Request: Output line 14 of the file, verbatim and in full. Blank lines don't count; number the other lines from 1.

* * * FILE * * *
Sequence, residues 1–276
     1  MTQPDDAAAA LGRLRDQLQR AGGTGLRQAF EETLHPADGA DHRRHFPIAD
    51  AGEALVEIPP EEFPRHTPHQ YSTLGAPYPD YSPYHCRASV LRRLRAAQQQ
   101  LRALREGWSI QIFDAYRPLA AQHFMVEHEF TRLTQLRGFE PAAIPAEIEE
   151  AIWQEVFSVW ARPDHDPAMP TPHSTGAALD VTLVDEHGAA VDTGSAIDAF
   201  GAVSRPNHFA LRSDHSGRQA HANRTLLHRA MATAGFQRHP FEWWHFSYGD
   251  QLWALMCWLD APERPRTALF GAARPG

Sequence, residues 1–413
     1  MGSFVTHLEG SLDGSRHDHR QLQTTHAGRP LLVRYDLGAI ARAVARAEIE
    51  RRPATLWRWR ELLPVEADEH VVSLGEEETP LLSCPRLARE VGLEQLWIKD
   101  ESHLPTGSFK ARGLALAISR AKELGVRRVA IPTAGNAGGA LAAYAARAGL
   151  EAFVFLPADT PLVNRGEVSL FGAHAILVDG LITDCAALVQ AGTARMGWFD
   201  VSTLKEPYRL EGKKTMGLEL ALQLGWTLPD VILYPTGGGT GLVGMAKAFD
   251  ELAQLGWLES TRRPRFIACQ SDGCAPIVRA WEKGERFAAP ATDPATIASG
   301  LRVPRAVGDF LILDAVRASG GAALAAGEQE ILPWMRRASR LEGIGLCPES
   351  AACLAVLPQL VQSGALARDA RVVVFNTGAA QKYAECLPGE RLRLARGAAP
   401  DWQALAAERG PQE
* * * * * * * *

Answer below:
   251  ELAQLGWLES TRRPRFIACQ SDGCAPIVRA WEKGERFAAP ATDPATIASG